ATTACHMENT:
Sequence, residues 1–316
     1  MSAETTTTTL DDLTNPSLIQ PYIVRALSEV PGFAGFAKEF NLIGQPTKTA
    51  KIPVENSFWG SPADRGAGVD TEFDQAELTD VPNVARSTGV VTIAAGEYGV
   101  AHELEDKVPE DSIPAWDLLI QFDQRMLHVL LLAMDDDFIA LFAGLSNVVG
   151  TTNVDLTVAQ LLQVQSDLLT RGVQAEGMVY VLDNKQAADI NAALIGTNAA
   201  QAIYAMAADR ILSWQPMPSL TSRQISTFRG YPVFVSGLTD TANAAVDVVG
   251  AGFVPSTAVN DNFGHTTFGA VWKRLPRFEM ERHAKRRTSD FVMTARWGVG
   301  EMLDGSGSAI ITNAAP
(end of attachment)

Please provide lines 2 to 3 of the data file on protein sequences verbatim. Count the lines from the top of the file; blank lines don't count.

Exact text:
     1  MSAETTTTTL DDLTNPSLIQ PYIVRALSEV PGFAGFAKEF NLIGQPTKTA
    51  KIPVENSFWG SPADRGAGVD TEFDQAELTD VPNVARSTGV VTIAAGEYGV